Suppose Medicaid is paying your nursing home bills. As a Medicaid recipient, you’ve already demonstrated that you have low income and assets. You’ve already confirmed with Medicaid that you own a house. And Medicaid lets you keep your house while you receive benefits.
What you might not know is that Medicaid might attempt to take your house when you die. You might be surprised to learn that Medicaid has the legal right to do this in certain circumstances. The Medicaid planning attorneys at Hawkins Elder Law provide you with a brief rundown of how Medicaid can take your home through estate recovery and how our attorneys could assist you if you have questions relating to Medicaid planning.
What Is Medicaid Estate Recovery?
In Indiana, you could receive nursing home Medicaid benefits when you own a home. But there are strings attached. In the worst-case scenario, Medicaid will attempt to take your home when you die to recoup the benefits you received.
The state of Indiana uses a legal process known as estate recovery. If you received Medicaid benefits in Indiana, then after you die, the state uses estate recovery to take some of your assets to cover the benefits Medicaid provided to you, considering the medical expenses they paid after you turned 55 years old.
Your estate consists of all assets, including personal property and real property, that you own at your death. Assets could include a vacation home, money remaining in your bank account or nursing home account, money held in your trusts, whole life or universal life insurance policies with cash surrender values, and more.
What Assets Cannot Be Recovered By The State?
Some of your assets might not be reachable by the state, including property that you transfer to certain trusts, personal effects, life insurance proceeds that are paid to your beneficiaries, and assets that are provided to your surviving spouse, a child under 21 years old, or a child who is blind or disabled. If you are a married Medicaid recipient and your spouse survives you, the state will not seek recovery until after your spouse’s death. However, Indiana law prohibits estate recovery against the community spouse’s assets after their death.
Medicaid generally does not seek an estate recovery if the Medicaid recipient died and is survived by a beneficiary who is their or their spouse’s immediate family member, and it would be a “substantial and undue hardship” to the beneficiary. The beneficiary would have to apply for a hardship waiver within 90 days of the date of claim.
What Is A Preferred Claim?
The state of Indiana can file a claim against the estate of the Medicaid recipient. This is a preferred claim which means that the claim must be fully paid before other estate debts are paid. The claim must be paid before any heirs receive distributions. But the executor can pay certain expenses before satisfying the claim, including those relating to estate administration and the Medicaid recipient’s last illness and funeral. It is important to note that if the Medicaid recipient has a Miller Trust in place, the funds in that Miller Trust cannot pay the estate’s expenses.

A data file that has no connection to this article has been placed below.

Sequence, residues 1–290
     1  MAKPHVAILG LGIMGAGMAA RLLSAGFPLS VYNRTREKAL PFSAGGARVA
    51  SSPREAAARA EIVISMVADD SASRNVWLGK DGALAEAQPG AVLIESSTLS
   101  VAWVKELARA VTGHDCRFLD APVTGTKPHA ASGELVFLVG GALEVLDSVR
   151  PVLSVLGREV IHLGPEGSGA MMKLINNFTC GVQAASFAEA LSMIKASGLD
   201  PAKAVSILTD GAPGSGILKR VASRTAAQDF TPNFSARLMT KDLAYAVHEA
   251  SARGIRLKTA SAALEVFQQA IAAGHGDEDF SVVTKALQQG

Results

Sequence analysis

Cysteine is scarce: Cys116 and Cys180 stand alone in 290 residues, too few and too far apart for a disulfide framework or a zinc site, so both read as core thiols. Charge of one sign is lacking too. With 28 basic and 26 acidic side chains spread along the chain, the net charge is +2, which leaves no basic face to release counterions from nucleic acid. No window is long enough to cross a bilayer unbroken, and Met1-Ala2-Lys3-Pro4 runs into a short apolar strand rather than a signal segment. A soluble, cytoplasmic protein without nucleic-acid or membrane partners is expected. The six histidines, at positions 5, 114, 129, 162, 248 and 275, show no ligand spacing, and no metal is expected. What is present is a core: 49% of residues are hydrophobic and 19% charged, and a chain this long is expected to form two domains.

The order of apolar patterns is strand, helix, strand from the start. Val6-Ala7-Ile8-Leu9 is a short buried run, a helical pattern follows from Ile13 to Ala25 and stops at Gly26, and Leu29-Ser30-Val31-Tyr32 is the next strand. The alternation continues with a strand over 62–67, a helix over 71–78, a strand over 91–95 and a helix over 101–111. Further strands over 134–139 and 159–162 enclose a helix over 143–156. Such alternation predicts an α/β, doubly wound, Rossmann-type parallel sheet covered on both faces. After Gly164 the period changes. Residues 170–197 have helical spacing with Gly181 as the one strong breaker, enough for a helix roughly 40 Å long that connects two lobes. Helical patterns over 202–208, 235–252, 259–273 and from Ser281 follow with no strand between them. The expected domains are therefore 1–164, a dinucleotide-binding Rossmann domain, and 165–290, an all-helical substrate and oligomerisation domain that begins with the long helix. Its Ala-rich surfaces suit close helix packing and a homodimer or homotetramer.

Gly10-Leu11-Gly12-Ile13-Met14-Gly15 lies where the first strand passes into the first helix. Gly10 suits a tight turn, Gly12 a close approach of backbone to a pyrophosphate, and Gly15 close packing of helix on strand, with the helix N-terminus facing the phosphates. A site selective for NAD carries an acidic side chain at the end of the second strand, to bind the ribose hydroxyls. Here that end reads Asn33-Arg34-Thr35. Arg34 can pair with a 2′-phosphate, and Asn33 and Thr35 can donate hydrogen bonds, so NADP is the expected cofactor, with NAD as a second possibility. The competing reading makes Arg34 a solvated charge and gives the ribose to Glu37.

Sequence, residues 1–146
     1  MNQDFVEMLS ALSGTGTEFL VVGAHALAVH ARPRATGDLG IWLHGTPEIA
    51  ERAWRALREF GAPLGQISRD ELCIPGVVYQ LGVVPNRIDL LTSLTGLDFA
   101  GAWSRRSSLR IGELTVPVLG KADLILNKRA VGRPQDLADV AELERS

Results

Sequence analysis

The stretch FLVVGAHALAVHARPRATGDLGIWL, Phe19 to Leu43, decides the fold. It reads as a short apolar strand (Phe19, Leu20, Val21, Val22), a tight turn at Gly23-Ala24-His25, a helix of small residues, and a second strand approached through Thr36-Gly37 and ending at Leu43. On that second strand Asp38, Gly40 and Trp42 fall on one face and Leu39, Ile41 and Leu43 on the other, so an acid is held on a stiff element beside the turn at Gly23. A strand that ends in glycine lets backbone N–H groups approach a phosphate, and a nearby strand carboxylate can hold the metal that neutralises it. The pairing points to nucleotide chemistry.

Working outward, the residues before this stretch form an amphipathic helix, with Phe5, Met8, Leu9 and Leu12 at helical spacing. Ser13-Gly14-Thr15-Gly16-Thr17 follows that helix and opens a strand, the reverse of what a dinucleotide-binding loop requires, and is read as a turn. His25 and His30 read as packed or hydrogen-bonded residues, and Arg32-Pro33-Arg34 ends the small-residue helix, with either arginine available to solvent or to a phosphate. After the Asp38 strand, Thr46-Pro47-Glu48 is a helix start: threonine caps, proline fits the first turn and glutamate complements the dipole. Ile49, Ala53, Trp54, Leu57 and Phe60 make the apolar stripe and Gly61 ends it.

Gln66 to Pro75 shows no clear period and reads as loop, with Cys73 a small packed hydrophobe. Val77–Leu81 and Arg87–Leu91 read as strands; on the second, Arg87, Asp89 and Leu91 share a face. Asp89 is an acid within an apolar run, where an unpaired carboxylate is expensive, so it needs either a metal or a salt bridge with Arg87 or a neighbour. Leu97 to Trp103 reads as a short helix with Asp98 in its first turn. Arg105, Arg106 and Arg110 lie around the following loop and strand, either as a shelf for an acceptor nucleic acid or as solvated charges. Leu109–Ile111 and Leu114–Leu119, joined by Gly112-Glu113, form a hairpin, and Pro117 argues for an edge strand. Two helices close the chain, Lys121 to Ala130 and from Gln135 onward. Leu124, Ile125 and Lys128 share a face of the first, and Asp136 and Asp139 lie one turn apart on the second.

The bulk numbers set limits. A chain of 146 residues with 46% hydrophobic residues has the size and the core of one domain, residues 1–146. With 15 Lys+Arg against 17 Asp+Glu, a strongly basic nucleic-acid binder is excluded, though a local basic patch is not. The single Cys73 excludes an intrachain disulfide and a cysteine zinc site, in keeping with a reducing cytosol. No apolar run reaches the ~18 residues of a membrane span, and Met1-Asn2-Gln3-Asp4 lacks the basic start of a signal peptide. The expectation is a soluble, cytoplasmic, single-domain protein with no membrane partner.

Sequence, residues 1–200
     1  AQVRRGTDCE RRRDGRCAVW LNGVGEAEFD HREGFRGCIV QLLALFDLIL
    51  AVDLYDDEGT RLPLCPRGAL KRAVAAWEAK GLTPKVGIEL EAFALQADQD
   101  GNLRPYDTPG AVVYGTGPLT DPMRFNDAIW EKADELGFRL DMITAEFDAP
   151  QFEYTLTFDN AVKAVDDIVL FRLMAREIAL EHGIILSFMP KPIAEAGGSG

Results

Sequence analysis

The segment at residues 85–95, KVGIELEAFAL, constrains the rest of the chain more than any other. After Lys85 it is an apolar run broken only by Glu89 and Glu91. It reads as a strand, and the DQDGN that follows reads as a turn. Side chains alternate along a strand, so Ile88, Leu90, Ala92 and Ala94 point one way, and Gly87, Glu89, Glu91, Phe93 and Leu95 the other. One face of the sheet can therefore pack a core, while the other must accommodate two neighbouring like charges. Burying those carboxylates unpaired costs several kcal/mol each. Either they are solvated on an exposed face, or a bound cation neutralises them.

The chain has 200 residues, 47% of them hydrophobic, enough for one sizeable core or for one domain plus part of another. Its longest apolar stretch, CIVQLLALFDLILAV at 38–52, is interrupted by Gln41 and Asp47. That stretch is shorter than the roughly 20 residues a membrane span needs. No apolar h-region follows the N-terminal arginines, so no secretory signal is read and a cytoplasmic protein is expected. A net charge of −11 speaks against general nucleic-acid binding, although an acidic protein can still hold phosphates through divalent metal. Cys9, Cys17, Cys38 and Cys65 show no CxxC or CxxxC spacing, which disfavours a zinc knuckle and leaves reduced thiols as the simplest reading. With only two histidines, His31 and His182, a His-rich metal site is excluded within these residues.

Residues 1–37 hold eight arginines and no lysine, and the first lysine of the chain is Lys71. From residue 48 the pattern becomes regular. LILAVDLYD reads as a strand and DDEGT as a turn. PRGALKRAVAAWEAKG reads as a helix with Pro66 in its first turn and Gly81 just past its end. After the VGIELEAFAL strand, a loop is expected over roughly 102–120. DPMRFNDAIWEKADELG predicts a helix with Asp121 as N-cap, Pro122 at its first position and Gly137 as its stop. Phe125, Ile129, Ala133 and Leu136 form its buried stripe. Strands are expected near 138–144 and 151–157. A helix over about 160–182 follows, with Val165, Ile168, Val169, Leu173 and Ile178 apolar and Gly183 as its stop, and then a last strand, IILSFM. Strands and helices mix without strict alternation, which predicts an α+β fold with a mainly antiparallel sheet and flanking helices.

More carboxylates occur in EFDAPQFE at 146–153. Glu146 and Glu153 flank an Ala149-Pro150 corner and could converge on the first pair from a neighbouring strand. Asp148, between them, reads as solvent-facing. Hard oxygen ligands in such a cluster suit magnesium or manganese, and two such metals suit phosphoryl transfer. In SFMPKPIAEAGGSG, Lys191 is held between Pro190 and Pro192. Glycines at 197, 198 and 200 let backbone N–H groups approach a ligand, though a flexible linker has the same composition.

How Long Does Indiana Have To Seek An Estate Recovery?
The state of Indiana can file a claim if the Medicaid recipient’s probate estate is open. So, if it is necessary to open an estate, an elder law attorney might delay opening the estate until after the estate recovery deadlines have expired.
Up until nine months after the Medicaid recipient dies, the state of Indiana could potentially pursue a recovery of assets that are not in the recipient’s estate (assets transferred during the Medicaid recipient’s life or after their death so that those assets would not be included in their probate estate). In some cases, the state may have a longer time, and there is no time limit relating to the assets that have not been reported to DFR’s FSSA Division.
What Is Medicaid Asset Protection? How Do I Protect My Assets From Medicaid In Indiana?
Asset protection involves using strategies to protect your assets – including your home – from counting against you for Medicaid purposes. With a skilled elder law attorney’s help, you could protect your home from being considered by Medicaid altogether. An attorney can also help you structure your real estate ownership to avoid any estate recovery.
How Do I Avoid Medicaid’s 5-Year Lookback?
With Medicaid’s five-year lookback period, Medicaid investigates transfers of your assets (including your home) to see if you sold them, gifted them, or transferred them for less than they were worth. If this happens, Medicaid can impose a penalty that essentially requires you to pay out of pocket for long term care for a specified period. For this reason, planning for Medicaid in advance makes a lot of sense.
Medicaid Lawyer In Indiana
To learn more about preventing Medicaid from taking your Indiana home, you should consult with an Indiana Medicaid planning attorney. Click here to learn more about Medicaid planning strategies in Indiana.
About The Authors
Jeff R. Hawkins and Jennifer J. Hawkins co-author this blog with Thomas E. Hynes, a lawyer admitted to practice in Pennsylvania, New Jersey, and Florida who has a background in estate planning and elder law. Jeff and Jennifer are Trust & Estate Specialty Board Certified Indiana Trust & Estate Lawyers and active members of the Indiana State Bar Association and the Indiana Chapter of the National Academy of Elder Law Attorneys (NAELA).
Find more information about these and other topics on YouTube and at www.HawkinsElderLaw.com. Facebook users can follow @HawkinsElderLaw on Facebook. Twitter users can follow @HawkinsElderLaw. The LinkedIn crowd can follow us at https://www.linkedin.com/company/hawkinsel